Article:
News for Week Ending 2/24/2014
Global South Primates Steering Committee statement publishedThe Global South Primates Steering Committee met in Cairo, Egypt, February 14–15, 2014, and made public a statement from the meeting February 20. The statement was approved by seven primates or their representatives. The Nigerian primate, Nkechi Nwosu, abstained from approving for reasons that were not given. As usual, the statement complains about The Episcopal Church and the Anglican Church of Canada, as well as the Anglican Communion’s “dysfunctional” Instruments of Unity. Perhaps most significantly, it calls for a meeting of the Anglican primates in 2015 with an agenda agreed on by the primates in advance. A helpful FAQ appendix is provided. The document can be read here.
Uganda anti-gay bill signed into lawAs we suggested earlier—see Pittsburgh Update story here—Uganda’s president Yoweri Museveni has signed into law the anti-gay law first proposed in 2009 and denounced in the West despite widespread approval by ordinary Ugandans and Anglican bishops in Africa. Although the final bill authorizes no capital punishment, as did earlier versions, some infractions defined in the law allow for sentences of life imprisonment. The story was reported by Reuters February 24, 2014. Also on February 24, Museveni’s action was condemned by the White House.
Comment continues on CoE same-sex marriage guidanceThe pastoral guidance on same-sex marriage promulgated by the House of Bishops of the Church of England—see Pittsburgh Update story here—continues to collect commentary. (Couples of the same sex will be able to be married in England next month, but the established church does not approve of such unions.) Thinking Anglicans has been collecting links to commentary. In addition to links provided in the story referenced above, see Thinking Anglicans posts here, here, here, here, here, and here. Lionel Deimel has offered a commentary that does not analyze the pastoral guidance as a whole but reflects concerns of Pittsburgh Episcopalians.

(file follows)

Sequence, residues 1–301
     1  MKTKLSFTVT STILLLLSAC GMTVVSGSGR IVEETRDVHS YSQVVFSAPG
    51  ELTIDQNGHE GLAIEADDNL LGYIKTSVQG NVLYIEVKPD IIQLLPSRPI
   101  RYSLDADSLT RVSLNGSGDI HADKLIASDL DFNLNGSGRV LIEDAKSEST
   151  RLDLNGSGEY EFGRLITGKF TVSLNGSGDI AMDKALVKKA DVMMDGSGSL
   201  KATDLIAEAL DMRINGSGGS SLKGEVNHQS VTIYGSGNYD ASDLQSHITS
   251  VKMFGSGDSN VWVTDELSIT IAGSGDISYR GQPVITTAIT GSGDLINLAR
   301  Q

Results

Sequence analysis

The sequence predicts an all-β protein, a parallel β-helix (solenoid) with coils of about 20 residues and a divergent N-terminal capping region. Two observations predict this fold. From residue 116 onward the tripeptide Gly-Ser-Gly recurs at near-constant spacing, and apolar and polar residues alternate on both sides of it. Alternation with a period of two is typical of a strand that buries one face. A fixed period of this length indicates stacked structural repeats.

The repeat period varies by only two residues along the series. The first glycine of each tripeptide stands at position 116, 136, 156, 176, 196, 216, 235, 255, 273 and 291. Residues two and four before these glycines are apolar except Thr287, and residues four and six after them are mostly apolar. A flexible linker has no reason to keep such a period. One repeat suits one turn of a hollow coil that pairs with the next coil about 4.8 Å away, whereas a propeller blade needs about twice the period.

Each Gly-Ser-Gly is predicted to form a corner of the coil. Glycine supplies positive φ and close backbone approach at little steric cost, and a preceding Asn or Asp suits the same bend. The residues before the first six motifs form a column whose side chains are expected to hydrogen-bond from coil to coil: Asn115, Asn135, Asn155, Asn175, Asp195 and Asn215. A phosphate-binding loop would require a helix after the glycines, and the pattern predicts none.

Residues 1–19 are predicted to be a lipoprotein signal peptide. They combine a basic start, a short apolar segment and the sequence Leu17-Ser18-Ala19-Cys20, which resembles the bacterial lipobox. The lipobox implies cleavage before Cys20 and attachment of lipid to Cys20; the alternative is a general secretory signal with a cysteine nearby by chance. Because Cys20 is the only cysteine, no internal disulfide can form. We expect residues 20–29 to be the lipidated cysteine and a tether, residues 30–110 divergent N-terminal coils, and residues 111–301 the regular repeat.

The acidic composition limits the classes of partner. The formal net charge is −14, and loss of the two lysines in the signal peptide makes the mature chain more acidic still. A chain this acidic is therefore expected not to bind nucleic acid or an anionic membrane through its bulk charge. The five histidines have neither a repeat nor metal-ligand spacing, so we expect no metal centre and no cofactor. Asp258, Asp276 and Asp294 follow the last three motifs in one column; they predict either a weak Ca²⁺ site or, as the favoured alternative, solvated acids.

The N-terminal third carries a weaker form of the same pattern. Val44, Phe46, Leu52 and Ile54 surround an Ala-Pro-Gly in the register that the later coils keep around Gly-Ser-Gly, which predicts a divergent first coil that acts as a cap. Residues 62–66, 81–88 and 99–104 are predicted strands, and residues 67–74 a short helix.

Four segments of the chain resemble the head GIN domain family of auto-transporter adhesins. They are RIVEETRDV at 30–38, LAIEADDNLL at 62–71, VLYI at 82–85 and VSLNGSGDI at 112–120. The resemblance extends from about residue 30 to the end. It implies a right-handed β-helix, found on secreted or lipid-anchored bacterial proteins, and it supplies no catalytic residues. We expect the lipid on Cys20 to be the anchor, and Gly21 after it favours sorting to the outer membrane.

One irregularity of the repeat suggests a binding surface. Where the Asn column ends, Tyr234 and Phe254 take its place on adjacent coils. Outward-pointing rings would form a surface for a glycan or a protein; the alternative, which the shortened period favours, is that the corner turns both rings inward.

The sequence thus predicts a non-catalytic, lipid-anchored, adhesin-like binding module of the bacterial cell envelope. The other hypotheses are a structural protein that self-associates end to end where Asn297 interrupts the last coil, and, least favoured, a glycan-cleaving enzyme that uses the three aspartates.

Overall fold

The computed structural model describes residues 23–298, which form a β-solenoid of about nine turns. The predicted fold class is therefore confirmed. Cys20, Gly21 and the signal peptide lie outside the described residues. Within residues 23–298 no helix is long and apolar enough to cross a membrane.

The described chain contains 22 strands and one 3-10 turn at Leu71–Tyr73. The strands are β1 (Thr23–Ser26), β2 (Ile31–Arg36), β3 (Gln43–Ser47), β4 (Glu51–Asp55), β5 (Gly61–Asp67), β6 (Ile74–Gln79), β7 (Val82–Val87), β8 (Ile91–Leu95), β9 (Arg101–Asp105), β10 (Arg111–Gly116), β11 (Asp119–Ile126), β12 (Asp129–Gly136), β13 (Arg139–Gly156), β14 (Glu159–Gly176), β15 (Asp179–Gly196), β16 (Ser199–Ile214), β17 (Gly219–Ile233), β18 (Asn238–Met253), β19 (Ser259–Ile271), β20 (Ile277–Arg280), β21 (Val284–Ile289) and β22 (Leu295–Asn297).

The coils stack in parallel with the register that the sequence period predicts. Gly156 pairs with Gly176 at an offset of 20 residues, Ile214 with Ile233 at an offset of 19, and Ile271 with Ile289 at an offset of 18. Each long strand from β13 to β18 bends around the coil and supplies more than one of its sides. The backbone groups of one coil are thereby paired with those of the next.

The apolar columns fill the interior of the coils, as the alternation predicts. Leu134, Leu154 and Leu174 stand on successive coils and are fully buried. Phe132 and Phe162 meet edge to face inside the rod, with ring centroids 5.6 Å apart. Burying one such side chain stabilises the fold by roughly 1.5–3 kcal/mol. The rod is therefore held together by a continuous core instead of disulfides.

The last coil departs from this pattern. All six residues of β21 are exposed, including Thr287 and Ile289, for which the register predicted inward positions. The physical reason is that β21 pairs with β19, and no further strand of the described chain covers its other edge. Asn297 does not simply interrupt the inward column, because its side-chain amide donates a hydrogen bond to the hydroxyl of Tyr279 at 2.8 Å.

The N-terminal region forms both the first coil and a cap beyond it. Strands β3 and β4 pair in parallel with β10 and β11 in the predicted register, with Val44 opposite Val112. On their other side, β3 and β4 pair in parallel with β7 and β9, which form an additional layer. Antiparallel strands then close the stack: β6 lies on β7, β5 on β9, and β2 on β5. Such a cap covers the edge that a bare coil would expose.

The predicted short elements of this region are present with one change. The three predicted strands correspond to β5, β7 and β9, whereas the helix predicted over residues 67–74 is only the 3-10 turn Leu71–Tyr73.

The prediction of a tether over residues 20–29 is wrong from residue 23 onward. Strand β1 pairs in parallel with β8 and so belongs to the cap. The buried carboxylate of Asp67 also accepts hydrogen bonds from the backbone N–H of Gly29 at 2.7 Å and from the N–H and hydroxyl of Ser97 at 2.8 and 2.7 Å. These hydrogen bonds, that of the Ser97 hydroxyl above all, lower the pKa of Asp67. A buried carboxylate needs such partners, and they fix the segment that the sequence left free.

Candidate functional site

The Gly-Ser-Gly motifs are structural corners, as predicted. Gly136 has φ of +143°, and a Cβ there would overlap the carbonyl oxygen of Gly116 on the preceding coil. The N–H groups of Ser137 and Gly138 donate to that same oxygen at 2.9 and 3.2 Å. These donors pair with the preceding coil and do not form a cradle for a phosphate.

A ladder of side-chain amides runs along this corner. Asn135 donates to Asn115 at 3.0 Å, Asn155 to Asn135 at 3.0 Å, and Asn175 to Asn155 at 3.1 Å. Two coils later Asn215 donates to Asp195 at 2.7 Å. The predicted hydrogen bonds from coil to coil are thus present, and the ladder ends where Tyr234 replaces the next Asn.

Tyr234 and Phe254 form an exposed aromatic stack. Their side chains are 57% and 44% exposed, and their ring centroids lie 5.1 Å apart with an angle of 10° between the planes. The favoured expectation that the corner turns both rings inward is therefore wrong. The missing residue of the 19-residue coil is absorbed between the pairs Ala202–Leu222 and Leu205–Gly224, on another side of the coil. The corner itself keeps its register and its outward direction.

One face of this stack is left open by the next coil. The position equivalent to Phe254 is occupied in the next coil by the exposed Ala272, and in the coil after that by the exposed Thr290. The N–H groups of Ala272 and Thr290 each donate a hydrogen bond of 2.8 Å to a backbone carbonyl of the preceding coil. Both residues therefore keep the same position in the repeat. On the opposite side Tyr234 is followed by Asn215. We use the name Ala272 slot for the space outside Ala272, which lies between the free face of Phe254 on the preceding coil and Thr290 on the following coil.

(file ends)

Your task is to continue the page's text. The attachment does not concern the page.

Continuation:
Englishwoman becomes Anglican bishopThe Rev. Dr. Helen-Ann Hartley became the first Englishwoman to be made an Anglican bishop on February 22, 2014. According to TVNZ, Hartley was consecrated bishop of the Diocese of Waikato and Taranaki in the Anglican Church in Aotearoa, New Zealand & Polynesia. She thus becomes the third female bishop in the New Zealand church. Authorization for women bishops in the Church of England remains pending. (See Pittsburgh Update story here.)
PB invitation to seminary sparks board resignationAn invitation to Presiding Bishop Katharine Jefferts Schori to preach at the chapel of Nashotah House Theological Seminary has led to the resignation of a member of the nominally Episcopal seminary’s Board of Directors and the threatened reduction in engagement by another board member. On February 20, 2014, Stand Firm published the contents of a memo sent to clergy in the (presumably ACNA) Diocese of Fort Worth. It indicated that Bishop Jack Leo Iker resigned from the board, and Bishop William Wantland declared that he would neither support the seminary nor participate in its events. Both bishops are former Episcopalians now in the Anglican Church in North America. In fact, the board of Nashotah House looks less like that of an Episcopal seminary and more like a seminary for Episcopal Church dissenters. (The Nashotah House Web site does not list board members, but Stand Firm has provided a list largely thought to be correct. It includes such notorious actors as Robert Duncan, Keith Ackerman, and Mark Lawrence.) The memo includes the following: “Citing the lawsuits initiated by her [Katharine Jefferts Schori] against this Diocese [the schismatic Fort Work diocese], Bishop Iker notified the Board that he ‘could not be associated with an institution that honors her.’”
Nashotah House dean and president, Bishop Edward Salmon, has justified the invitation to the primate of The Episcopal Church in a written and video explanation available here. Robert S. Munday, the former dean and president, has offered a commentary on seminary developments in which he calls the invitation to the presiding bishop a scandal. Matt Kennedy also remarked on the situation on the Stand Firm site, calling the presiding bishop “a servant of darkness.” Neither Munday nor Kennedy are Episcopal Church clergy. Sarah Hey, also on Stand Firm, referred to Katharine Jefferts Schori as a “noted heretic, false teacher, deposer of clergy and bishops, and malicious lawsuit-lover.”